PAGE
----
Pisces, one of the dimmest constellations of the zodiac, lays just north of the celestial equator. It is located east of the constellation Aquarius, south of Andromeda and Pegasus, west of Aries and north of Cetus. For stargazers in the Northern Hemisphere, Pisces is visible before midnight from August through February. Its highlights include a circlet of stars marking the western fish's head and the 10th magnitude spiral galaxy M74.
The sun travels through Pisces from March 13 to April 19. This span of time includes the first day of spring, also known as the vernal equinox. In astronomical terminology, the vernal and autumnal equinoxes are defined as the coordinates in the sky where the sun's path (the ecliptic) crosses the celestial equator.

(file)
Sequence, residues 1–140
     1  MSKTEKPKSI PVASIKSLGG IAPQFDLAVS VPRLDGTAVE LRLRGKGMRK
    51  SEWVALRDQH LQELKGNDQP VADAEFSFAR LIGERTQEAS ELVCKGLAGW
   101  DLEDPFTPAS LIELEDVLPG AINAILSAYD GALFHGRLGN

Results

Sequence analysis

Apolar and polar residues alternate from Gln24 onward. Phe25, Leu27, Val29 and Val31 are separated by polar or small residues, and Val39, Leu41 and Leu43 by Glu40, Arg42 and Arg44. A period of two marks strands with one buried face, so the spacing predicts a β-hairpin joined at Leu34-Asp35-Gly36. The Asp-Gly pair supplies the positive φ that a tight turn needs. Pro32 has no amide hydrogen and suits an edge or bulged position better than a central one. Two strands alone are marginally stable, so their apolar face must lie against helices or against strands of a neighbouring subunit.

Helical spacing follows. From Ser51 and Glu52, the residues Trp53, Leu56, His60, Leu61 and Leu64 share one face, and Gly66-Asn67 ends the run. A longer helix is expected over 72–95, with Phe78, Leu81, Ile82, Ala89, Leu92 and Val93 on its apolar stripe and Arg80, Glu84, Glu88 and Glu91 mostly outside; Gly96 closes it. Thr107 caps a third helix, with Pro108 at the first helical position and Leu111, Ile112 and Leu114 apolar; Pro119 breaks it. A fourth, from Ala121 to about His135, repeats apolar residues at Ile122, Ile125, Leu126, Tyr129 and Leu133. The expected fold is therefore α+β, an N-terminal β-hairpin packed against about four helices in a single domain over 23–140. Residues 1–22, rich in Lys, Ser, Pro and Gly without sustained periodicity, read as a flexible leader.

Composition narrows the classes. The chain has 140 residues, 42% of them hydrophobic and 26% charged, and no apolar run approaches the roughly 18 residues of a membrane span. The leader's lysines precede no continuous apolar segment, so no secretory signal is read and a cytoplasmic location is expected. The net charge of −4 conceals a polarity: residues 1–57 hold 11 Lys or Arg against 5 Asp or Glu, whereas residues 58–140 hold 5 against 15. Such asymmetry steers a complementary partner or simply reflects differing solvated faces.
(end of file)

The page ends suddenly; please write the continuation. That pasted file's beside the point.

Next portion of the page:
Over 2,000 years ago, the vernal equinox was located farther east in the constellation Aries. This gave rise to the term "first point in Aries". The reason this point has shifted westward over the centuries is a phenomenon called the precession of the equinoxes. The earth's rotational axis wobbles like a top with respect to the distant stars. One cycle or wobble takes 26,000 years. Six centuries from now, the vernal equinox will shift westward into the constellation Aquarius. Adherents of astrology will be interested to know this will mark the official beginning of the age of Aquarius.